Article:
Word that Kyiv’s military has begun to refresh its troops along the front lines in southern Ukraine could spell trouble for battered Russian forces in the coming weeks, according to the Institute for the Study of War (ISW).
Two Pentagon officials who spoke with The New York Times on Wednesday said that Ukraine has begun to rotate reinforcements into battle as the country continues to push its long-touted counteroffensive campaign. According to the report, many of the new troops have been “trained and equipped” by Western allies and were held in reserve up until now.
As the Times notes, the updates from U.S. defense officials line up with reports from Russian Ministry of Defense spokesperson Igor Konashenkov, who said that Ukraine had launched a “massive” attack in the Zaporizhzhia region just south of the city of Orikhiv on Wednesday, a sign that Kyiv has started a fresh phase in its counteroffensive.
Ukrainian President Volodymyr Zelensky has previously said that his nation’s push to reclaim Russian-occupied territory, including the Crimean Peninsula, has been moving “slower” than originally hoped. But the ISW said that the brand-new and “well established” forces could deliver some success for Ukraine as the new fighters face weary Russian troops. The think tank noted that Moscow has yet to offer any relief or significant reinforcements to its military elements along the front lines since the beginning of Ukraine’s counteroffensive last month.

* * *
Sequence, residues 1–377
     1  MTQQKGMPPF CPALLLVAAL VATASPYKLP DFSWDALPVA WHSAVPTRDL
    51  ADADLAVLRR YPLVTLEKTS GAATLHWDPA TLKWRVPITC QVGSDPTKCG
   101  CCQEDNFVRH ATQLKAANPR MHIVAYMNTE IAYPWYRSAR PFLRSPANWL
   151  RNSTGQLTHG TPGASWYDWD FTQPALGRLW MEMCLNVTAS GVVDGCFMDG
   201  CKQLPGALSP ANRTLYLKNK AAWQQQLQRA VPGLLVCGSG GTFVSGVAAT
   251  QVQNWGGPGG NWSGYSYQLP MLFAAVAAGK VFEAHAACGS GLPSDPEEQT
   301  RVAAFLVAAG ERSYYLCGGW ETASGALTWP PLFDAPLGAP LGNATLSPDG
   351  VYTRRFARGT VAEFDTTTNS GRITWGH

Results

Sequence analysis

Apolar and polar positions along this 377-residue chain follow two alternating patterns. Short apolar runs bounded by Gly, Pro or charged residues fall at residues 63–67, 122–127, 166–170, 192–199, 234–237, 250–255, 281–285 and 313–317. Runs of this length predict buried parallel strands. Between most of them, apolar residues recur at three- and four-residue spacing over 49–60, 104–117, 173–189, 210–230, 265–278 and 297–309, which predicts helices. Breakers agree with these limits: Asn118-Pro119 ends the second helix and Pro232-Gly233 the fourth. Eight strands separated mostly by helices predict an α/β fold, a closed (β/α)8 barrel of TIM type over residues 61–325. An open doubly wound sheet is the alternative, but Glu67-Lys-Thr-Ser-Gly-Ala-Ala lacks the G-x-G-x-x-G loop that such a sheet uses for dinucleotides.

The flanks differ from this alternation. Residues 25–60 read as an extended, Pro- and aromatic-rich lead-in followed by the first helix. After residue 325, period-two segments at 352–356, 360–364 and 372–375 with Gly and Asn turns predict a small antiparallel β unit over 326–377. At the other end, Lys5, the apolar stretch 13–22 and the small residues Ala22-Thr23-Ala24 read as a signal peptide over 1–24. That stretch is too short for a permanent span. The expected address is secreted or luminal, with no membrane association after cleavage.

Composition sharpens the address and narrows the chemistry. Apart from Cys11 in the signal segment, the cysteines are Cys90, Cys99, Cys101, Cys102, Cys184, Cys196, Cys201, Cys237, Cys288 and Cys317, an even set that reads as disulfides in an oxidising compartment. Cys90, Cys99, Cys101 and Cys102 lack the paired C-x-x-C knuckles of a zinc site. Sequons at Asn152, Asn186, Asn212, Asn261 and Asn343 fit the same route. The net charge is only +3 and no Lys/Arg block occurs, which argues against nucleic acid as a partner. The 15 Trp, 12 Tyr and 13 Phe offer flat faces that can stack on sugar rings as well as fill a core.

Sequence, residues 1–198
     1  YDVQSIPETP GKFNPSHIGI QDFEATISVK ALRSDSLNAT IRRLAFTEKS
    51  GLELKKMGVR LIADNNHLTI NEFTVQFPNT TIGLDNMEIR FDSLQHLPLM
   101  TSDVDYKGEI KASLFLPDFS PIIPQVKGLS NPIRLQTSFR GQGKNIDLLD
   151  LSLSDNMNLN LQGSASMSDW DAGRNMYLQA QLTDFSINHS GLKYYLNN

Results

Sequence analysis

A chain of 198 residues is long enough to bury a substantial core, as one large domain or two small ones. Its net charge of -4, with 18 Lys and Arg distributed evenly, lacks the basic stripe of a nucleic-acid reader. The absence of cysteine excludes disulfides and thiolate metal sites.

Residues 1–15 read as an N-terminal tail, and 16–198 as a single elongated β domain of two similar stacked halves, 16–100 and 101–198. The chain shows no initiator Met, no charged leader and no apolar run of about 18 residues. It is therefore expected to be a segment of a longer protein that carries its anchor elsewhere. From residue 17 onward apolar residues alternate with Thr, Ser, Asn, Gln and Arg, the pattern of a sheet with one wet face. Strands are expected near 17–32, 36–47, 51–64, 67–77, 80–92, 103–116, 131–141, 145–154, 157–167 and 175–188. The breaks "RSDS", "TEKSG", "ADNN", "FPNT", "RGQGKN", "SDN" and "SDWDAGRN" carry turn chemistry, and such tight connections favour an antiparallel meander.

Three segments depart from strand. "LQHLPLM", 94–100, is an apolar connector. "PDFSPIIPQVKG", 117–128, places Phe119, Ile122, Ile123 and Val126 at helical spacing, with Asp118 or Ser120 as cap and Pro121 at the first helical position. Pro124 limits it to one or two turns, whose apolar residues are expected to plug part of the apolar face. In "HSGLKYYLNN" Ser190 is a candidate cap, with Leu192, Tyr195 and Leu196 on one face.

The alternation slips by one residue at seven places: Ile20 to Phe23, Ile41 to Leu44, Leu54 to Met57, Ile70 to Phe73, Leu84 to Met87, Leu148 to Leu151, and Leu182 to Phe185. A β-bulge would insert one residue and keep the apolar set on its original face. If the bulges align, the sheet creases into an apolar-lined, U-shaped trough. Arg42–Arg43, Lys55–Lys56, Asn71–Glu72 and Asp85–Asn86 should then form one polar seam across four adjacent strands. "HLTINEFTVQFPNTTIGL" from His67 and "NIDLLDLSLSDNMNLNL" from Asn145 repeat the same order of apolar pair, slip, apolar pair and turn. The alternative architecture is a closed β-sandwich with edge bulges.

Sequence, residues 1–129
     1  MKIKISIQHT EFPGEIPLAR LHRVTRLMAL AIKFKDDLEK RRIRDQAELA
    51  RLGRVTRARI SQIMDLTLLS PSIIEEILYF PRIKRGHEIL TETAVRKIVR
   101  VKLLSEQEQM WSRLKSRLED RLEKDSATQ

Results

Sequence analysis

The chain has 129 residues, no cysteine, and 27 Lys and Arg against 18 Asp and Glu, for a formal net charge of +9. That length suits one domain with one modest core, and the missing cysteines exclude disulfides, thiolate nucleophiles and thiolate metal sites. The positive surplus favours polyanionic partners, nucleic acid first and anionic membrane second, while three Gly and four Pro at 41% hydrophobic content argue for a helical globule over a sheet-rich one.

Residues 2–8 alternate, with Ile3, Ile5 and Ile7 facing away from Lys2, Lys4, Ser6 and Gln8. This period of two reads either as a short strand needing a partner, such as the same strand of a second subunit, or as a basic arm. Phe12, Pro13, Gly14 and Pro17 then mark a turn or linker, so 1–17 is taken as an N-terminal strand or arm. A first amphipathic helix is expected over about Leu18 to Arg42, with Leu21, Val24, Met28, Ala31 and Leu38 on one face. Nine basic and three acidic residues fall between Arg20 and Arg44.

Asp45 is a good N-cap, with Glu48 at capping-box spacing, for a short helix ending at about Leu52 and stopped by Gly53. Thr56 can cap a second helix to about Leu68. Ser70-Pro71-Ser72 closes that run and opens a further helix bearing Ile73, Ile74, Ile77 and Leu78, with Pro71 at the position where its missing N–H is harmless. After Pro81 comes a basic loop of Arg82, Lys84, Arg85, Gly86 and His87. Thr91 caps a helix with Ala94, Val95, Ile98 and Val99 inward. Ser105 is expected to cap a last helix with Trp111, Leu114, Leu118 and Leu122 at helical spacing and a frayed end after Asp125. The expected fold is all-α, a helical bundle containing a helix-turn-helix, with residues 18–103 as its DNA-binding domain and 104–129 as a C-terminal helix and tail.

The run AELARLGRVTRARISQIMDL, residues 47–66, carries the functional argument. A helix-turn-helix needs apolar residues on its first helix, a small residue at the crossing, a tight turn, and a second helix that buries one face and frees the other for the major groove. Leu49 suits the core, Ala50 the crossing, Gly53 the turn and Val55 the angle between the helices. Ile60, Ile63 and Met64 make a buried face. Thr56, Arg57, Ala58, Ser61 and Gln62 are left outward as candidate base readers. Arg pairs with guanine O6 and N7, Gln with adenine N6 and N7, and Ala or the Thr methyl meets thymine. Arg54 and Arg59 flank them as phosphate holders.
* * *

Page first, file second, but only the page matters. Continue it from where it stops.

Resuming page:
“The introduction of fresh Ukrainian reserves to the effort, together with the geometry of Russian defensive lines and the likely degraded overall state of Russian forces in this area, may allow Ukraine to begin pursuing more successful advances south of Orikhiv in the coming weeks,” ISW wrote in its latest assessment on the war in Ukraine.
According to Ukrainian intelligence, the counteroffensive has reclaimed approximately 80 square miles and eight settlements since Kyiv launched its attack approximately seven weeks ago. That is a much slower pace than the country’s successful offensive campaign in the fall, when Ukraine was able to liberate nearly 4,600 square miles in a little less than a month.
Experts who spoke with Newsweek earlier this week said that NATO countries could be partially to blame for Ukraine’s sluggish attack plan, noting that Kyiv previously faced immense pressure to carry out the counteroffensive without being fully prepared to start.
The ISW wrote Wednesday that “Western officials are unhelpfully raising expectations for rapid and dramatic Ukrainian advances that Ukrainian forces are unlikely to be able to meet,” adding that while Ukrainian forces are capable of making significant gains on the battlefield, such advances “are likely to occur over a long period of time.” The think tank also noted the fresh Ukrainian troops will eventually also need “relief and rotation” as the war progresses.
During his nightly address, Zelensky claimed that his troops “at the front had very good results” during battle Wednesday, and that more information would be provided at a later date.
Newsweek reached out to the Ukrainian Ministry of Defense on Wednesday night via email for comment.
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